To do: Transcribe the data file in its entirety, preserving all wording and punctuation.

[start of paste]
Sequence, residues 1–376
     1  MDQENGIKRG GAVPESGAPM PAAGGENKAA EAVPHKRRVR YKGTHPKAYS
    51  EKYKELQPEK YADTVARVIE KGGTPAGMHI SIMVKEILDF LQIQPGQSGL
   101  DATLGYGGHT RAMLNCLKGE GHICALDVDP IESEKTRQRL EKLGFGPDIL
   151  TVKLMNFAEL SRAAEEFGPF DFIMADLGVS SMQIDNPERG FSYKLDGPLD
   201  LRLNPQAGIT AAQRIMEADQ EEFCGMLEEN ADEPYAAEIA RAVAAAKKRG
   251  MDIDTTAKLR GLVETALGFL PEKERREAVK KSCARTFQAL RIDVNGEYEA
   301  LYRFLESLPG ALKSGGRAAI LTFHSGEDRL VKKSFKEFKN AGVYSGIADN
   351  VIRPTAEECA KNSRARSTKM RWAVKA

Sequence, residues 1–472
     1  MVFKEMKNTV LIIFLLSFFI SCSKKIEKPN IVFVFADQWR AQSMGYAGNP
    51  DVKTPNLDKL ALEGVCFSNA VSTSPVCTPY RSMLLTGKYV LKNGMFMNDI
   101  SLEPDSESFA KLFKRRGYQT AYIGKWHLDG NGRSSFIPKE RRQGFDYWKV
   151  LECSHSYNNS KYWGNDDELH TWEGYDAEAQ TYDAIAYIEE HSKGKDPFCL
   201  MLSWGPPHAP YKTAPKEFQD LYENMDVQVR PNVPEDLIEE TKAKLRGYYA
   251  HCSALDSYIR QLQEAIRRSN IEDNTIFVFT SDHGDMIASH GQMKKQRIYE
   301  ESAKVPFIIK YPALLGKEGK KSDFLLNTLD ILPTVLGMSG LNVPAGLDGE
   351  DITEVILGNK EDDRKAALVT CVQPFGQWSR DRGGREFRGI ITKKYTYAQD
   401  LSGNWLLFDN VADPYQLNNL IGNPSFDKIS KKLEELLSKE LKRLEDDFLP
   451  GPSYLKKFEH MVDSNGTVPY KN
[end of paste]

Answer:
Sequence, residues 1–376
     1  MDQENGIKRG GAVPESGAPM PAAGGENKAA EAVPHKRRVR YKGTHPKAYS
    51  EKYKELQPEK YADTVARVIE KGGTPAGMHI SIMVKEILDF LQIQPGQSGL
   101  DATLGYGGHT RAMLNCLKGE GHICALDVDP IESEKTRQRL EKLGFGPDIL
   151  TVKLMNFAEL SRAAEEFGPF DFIMADLGVS SMQIDNPERG FSYKLDGPLD
   201  LRLNPQAGIT AAQRIMEADQ EEFCGMLEEN ADEPYAAEIA RAVAAAKKRG
   251  MDIDTTAKLR GLVETALGFL PEKERREAVK KSCARTFQAL RIDVNGEYEA
   301  LYRFLESLPG ALKSGGRAAI LTFHSGEDRL VKKSFKEFKN AGVYSGIADN
   351  VIRPTAEECA KNSRARSTKM RWAVKA

Sequence, residues 1–472
     1  MVFKEMKNTV LIIFLLSFFI SCSKKIEKPN IVFVFADQWR AQSMGYAGNP
    51  DVKTPNLDKL ALEGVCFSNA VSTSPVCTPY RSMLLTGKYV LKNGMFMNDI
   101  SLEPDSESFA KLFKRRGYQT AYIGKWHLDG NGRSSFIPKE RRQGFDYWKV
   151  LECSHSYNNS KYWGNDDELH TWEGYDAEAQ TYDAIAYIEE HSKGKDPFCL
   201  MLSWGPPHAP YKTAPKEFQD LYENMDVQVR PNVPEDLIEE TKAKLRGYYA
   251  HCSALDSYIR QLQEAIRRSN IEDNTIFVFT SDHGDMIASH GQMKKQRIYE
   301  ESAKVPFIIK YPALLGKEGK KSDFLLNTLD ILPTVLGMSG LNVPAGLDGE
   351  DITEVILGNK EDDRKAALVT CVQPFGQWSR DRGGREFRGI ITKKYTYAQD
   401  LSGNWLLFDN VADPYQLNNL IGNPSFDKIS KKLEELLSKE LKRLEDDFLP
   451  GPSYLKKFEH MVDSNGTVPY KN